Takata Corp. said it will probably report a second consecutive annual loss, pointing to the growing financial toll its airbag recalls were having even before the U.S. ordered the supplier to double the number of devices that will be replaced.
The company will probably have a net loss of 13 billion yen ($121 million) for the year ended March 31, compared with an earlier forecast for a 5 billion yen profit, Takata said in a preliminary results filing to the Tokyo stock exchange. The company posted a net loss of 29.6 billion yen a year earlier.
Takata said last week it would book a combined 20.1 billion yen in charges, 16.6 billion of which was decided after reviewing airbag recall costs. That was two days before the National Highway Traffic Safety Administration added 35 million to 40 million more inflators to be retrieved in the U.S., potentially bringing the total number of parts to be replaced there to 69 million.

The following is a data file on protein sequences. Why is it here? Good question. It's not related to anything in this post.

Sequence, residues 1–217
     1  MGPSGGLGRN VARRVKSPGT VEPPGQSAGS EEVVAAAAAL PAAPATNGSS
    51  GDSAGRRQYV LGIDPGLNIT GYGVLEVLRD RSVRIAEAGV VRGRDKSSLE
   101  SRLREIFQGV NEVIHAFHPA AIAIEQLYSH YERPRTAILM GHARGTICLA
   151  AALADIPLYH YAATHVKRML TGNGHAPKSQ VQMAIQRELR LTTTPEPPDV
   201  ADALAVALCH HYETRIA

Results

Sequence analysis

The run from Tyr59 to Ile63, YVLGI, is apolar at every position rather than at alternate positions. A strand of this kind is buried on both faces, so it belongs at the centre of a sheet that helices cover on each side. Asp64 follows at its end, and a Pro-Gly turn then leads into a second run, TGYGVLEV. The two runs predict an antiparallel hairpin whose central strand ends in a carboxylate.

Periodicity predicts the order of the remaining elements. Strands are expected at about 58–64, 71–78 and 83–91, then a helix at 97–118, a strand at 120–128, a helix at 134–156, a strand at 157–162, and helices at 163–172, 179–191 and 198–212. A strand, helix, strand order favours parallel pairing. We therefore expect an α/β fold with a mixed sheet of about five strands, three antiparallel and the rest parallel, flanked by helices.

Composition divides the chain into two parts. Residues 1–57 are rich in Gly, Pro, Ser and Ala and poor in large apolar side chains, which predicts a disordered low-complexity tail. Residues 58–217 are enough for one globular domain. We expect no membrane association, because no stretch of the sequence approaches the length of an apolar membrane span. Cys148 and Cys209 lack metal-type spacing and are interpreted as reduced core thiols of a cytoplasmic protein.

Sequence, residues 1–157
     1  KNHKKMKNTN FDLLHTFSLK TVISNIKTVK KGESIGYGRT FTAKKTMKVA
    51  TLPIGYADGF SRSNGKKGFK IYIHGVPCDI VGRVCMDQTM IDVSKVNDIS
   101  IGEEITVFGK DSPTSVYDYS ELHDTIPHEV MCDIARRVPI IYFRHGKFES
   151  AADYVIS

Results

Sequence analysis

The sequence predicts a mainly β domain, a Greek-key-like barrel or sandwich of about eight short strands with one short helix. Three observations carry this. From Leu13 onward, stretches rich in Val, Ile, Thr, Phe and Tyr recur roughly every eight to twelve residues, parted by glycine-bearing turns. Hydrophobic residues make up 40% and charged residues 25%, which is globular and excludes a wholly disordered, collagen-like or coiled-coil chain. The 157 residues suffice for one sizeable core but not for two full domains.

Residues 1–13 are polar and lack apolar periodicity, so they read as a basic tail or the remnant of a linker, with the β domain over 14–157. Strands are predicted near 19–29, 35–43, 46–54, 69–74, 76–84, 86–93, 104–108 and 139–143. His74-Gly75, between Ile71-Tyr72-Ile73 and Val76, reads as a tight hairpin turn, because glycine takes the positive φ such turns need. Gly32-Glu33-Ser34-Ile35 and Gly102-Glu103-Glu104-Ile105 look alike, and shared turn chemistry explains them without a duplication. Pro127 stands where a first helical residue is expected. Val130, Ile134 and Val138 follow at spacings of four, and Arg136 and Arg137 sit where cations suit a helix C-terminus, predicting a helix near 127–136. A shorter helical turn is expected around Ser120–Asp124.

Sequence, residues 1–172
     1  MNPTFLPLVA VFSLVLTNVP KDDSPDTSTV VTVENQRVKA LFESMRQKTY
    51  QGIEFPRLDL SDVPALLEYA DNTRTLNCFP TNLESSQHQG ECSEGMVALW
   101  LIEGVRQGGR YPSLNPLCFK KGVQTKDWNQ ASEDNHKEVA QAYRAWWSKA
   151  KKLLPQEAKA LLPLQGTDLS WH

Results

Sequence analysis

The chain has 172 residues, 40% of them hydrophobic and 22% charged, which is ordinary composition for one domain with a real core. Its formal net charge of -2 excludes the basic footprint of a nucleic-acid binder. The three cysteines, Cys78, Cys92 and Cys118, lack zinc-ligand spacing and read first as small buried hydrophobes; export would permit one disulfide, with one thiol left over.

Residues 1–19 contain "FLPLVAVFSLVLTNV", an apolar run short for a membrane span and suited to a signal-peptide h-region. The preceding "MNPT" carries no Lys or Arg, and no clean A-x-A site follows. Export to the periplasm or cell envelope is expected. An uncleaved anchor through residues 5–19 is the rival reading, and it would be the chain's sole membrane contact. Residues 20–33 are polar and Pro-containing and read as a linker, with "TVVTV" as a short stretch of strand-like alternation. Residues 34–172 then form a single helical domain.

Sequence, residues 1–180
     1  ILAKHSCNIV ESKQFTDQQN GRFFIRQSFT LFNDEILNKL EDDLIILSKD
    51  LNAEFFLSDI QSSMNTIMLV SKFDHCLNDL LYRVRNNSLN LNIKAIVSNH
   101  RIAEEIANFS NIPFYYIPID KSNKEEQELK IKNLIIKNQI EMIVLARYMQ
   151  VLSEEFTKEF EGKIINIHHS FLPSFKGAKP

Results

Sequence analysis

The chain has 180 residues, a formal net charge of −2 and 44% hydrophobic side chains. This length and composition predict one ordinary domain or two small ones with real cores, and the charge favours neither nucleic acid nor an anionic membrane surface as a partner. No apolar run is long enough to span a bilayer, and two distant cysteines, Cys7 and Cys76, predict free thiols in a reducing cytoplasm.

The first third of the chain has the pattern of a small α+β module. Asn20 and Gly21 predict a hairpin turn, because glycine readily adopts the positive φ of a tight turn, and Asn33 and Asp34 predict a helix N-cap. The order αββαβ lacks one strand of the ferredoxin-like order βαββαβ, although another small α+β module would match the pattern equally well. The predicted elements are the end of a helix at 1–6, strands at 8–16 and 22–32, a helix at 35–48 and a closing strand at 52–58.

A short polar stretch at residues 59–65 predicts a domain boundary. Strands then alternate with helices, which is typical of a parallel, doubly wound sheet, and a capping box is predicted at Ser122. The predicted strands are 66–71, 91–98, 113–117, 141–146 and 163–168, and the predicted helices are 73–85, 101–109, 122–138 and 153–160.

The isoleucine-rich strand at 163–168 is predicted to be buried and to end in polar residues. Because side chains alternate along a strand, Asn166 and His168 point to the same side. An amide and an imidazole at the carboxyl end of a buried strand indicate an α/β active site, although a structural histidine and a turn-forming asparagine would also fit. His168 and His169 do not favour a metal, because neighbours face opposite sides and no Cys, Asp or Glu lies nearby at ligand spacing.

With the recalls putting increasing strain on its balance sheet, the Japanese supplier has begun to seek financial sponsors that would replenish its capital and allow it to emerge as a new company, a person familiar with the matter said last month. The recalls may increase to 118.5 million units worldwide, as Japan and automakers in other markets probably will follow the U.S. in calling back all airbags that lack a moisture-absorbing desiccant, a Jefferies Group estimated in a report last week.
Moisture seeping into Takata’s airbag inflators are a factor contributing to misfires that spray bits of metal and plastic into vehicle passenger compartments. The rupture incidents have killed at least 13 motorists in the U.S. and Malaysia.
Takata’s shares have declined 58 percent this year. The company is scheduled to announce its results on May 11.